The advantages of the present invention are numerous. Most notably, instead of using a single fluid delivery spigot, a fluid delivery ring having multiple fluid delivery points for uniformly delivering fluid onto the substrate surface is utilized. The fluid delivery ring of the present invention supplies fluid through a plurality of supply tubes, which are fed through a plurality of inlets and outlets. In the present invention, the outlets are configured to be distanced from the edge of the substrate surfaced. Thus, the embodiments of the present invention eliminate the post process contamination of an otherwise clean surface of a substrate with potential droplets of fluid remained in the spigot. Another advantage of the SRD module of the present invention is that the SRD module utilizes all chemically compatible components so as to prevent introduction of additional contaminants into the spin rinsing operation. Still another advantage of the fluid delivery ring of the present invention is that it is retrofittable, thereby allowing the SRD module to spin rinse various sized wafers. Ultimately, the fluid delivery ring is capable of delivering fluid to multiple critical contact points on the surface of the wafer thus optimizing the overall performance of the SRD module.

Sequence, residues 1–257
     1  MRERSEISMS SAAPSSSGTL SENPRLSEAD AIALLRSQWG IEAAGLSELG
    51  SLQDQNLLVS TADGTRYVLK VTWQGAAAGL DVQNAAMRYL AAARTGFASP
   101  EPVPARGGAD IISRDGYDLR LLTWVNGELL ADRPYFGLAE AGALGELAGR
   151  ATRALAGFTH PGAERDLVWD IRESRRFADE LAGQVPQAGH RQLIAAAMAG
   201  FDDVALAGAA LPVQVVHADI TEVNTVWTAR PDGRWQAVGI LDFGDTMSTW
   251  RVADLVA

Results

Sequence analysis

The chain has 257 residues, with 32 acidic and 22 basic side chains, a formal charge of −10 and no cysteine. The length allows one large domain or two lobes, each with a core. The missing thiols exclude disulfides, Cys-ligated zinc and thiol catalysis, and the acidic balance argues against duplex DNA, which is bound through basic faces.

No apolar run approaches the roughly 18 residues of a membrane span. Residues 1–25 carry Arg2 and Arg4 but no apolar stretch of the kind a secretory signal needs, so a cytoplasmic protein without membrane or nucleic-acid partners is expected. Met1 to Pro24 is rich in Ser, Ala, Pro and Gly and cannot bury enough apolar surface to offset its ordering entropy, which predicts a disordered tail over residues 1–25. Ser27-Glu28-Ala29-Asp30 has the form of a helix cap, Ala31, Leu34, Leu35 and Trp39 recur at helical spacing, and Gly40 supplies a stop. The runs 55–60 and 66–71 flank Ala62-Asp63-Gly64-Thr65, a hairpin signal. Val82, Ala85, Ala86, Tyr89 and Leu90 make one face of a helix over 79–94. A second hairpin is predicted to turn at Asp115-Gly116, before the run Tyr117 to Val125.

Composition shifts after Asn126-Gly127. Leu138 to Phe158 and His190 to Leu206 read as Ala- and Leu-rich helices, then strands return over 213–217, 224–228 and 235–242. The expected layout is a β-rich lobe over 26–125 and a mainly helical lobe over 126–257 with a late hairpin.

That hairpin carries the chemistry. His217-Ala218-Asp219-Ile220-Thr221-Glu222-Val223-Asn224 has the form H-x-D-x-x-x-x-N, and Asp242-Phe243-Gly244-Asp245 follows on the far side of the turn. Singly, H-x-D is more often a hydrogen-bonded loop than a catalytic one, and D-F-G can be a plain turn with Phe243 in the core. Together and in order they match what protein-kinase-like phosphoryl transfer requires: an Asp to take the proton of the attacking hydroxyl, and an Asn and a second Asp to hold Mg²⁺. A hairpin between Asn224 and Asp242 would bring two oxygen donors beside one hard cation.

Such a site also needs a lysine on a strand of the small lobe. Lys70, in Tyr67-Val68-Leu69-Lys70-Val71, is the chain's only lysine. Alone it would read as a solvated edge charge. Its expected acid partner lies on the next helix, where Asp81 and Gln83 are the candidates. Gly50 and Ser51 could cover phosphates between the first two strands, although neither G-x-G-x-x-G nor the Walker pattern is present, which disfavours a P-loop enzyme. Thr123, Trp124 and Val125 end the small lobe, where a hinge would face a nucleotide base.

Other aspects and advantages of the invention will become apparent from the following detailed description, taken in conjunction with the accompanying drawings, illustrating by way of example the principles of the invention.

BRIEF DESCRIPTION OF THE DRAWINGS

The present invention will be readily understood by the following detailed description in conjunction with the accompanying drawings, and like reference numerals designate like structural elements.

FIG. 1 illustrates an exemplary prior art spin, rinse, and dry (SRD) module.

FIG. 2A is a simplified cross-sectional view of an SRD module, wherein the SRD process bowl is defined in a lower position, in accordance with one embodiment of the present invention.

FIG. 2B is a simplified cross-sectional view of the SRD module shown in FIG. 2A, wherein the SRD process bowl is in an upper position, in accordance with another embodiment of the present invention.

FIG. 3A is an enlarged, simplified, cross-sectional view of a fluid delivery ring having a plurality of slots, in accordance with yet another embodiment of the present invention.